U.N. climate talks make shaky start to year as procedures questioned
Author: Ben Garside
A general view of King Talal Dam near Jerash March 6, 2014.
Photo: Muhammad Hamed
U.N. climate negotiations resumed on a shaky footing on Monday as some delegates questioned how the meeting was being run amid calls for more urgency at the talks, which after two years have made scant progress towards a global climate change deal.
Diplomats from almost 200 nations gathered in Bonn, Germany, vowed to speed up work towards agreeing a 2015 pact to cut greenhouse gas emissions that U.N.-backed scientists say is causing extreme weather events and rising sea levels.
The preliminary talks are the first of a series this year aimed at working out the main elements of an agreement to bind all nations to curb greenhouse gas emissions from 2020 and raise funds to tackle climate change across the developing world.
But in a sign of trouble in negotiations that have made tortuous progress over two decades, Monday's talks were peppered with procedural concerns.
"The challenge is ... to shift from an informal mode of work to a formal, transparent and participatory negotiating process... The time for that is now," said Naderev Sano of the Philippines, speaking on behalf of a negotiating group of developing countries that includes India, China, Iran and Saudi Arabia.
He was referring to the system of "open ended" consultations held over the past two years of talks rather than a more formal drafting of texts in smaller groups.
Artur Runge-Metzger, a German diplomat co-chairing the negotiations, insisted the process was moving forward.
"We have clear deadlines and are working diligently to meet those deadlines," he said.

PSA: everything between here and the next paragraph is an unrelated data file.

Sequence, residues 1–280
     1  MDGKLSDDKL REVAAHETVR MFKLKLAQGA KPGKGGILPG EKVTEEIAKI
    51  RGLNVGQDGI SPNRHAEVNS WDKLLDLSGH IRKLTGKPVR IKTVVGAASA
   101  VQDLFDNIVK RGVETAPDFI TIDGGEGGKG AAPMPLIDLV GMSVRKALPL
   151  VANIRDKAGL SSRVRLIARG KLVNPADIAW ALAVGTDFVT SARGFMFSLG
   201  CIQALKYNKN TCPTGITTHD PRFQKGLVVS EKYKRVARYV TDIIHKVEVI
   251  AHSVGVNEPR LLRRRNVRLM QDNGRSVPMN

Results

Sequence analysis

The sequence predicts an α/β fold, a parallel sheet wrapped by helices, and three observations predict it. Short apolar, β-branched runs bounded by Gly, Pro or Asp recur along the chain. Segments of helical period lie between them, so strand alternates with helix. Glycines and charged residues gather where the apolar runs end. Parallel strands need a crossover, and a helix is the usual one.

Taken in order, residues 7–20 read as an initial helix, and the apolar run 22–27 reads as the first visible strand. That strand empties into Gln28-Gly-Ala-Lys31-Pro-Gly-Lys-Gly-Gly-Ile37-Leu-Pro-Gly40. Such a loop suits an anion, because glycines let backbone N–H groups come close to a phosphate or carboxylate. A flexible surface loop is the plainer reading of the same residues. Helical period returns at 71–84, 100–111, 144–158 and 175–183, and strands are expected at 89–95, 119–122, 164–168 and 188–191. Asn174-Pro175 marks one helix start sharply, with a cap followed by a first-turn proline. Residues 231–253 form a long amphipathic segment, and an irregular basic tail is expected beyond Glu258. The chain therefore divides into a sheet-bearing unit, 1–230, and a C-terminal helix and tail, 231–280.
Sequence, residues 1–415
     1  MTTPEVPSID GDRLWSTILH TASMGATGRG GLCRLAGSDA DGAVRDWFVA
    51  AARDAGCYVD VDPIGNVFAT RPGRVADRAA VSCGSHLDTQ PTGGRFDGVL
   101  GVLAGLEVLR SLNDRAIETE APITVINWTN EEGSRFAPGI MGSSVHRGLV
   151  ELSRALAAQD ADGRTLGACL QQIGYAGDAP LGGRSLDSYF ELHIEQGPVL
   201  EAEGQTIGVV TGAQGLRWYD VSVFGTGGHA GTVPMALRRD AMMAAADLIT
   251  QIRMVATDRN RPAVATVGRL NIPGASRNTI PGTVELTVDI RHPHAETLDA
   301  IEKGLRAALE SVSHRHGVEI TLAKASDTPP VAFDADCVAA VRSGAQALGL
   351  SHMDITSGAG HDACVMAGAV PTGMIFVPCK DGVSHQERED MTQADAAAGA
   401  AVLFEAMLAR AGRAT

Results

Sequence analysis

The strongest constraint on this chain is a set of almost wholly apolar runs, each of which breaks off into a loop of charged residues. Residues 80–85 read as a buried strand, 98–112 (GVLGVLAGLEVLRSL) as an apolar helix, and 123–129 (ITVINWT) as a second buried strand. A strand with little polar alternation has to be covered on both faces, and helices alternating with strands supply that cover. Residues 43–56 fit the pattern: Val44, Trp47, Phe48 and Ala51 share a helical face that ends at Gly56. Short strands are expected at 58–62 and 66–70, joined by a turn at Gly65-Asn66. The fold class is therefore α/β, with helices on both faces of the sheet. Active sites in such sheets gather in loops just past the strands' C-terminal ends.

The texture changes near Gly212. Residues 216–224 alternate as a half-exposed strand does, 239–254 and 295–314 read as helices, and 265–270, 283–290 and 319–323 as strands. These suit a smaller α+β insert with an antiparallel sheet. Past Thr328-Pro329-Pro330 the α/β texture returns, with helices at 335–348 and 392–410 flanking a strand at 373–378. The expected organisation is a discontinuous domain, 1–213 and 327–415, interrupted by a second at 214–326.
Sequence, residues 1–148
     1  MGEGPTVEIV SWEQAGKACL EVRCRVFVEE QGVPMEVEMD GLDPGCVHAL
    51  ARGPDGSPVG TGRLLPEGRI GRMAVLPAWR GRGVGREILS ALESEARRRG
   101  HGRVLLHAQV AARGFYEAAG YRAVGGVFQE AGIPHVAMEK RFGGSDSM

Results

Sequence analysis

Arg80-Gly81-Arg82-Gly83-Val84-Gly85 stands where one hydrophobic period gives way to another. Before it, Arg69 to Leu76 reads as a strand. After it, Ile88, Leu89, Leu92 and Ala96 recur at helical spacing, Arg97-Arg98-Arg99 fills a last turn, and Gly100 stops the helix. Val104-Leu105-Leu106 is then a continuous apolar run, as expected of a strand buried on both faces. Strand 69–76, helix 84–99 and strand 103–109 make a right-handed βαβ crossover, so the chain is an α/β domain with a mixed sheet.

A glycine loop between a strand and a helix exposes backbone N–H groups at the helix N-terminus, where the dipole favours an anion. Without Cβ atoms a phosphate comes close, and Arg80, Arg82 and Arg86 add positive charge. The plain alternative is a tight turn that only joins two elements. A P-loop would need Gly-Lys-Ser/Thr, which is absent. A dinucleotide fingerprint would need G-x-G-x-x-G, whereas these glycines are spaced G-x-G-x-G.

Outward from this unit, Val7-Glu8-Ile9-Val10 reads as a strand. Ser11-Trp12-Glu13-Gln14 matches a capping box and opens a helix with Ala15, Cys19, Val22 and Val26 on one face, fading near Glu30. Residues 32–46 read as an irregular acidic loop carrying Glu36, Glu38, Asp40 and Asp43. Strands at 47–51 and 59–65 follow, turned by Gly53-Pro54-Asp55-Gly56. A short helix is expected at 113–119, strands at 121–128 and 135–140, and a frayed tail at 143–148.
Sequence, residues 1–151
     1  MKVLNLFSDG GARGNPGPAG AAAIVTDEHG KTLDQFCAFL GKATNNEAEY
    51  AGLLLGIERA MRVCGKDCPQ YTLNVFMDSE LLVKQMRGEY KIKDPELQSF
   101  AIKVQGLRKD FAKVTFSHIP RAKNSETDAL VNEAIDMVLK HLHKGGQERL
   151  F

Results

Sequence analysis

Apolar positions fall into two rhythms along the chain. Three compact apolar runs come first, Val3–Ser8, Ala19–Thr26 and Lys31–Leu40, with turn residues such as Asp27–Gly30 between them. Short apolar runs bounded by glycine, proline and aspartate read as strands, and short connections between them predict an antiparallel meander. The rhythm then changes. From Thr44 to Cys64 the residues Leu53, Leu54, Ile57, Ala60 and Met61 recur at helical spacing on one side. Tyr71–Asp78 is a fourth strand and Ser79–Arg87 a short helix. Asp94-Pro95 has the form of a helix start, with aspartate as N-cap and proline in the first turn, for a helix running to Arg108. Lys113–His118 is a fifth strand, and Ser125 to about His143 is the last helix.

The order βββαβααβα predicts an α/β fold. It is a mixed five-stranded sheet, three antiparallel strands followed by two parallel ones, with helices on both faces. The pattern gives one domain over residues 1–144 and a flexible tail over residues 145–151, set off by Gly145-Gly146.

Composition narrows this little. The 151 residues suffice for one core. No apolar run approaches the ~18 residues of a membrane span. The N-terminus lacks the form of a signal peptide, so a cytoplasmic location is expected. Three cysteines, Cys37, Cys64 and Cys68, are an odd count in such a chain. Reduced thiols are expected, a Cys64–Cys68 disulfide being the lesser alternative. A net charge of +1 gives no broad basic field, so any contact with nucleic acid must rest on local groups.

Delegates agreed last year that a new global deal, due to be struck in Paris in 2015 and to enter into force from 2020, would be made up of what they called "intended nationally determined contributions" from both rich and poor nations.
The European Union said parties needed to agree by the year-end a list of elements that all nations must include in these contributions to allow each country to submit them by the first quarter of next year.
The two biggest emitters, the United States and China, have pledged to work closely together on the process but appeared at odds in their formal submissions ahead of the meeting.
The United States has insisted the agreement should break down a barrier under a previous agreement that placed different burdens on developed and developing nations to reduce emissions.
In its submission, China reminded developed nations of their responsibilities under the UNFCCC to "take the lead" on emission cuts and demanded they set deeper 2020 reduction targets by as soon as April.
"Talks here must not lead to a re-writing of the Convention," said Rene Orellana of Bolivia, which is chairing the G77 negotiating group of developing countries.
(Reporting by Ben Garside)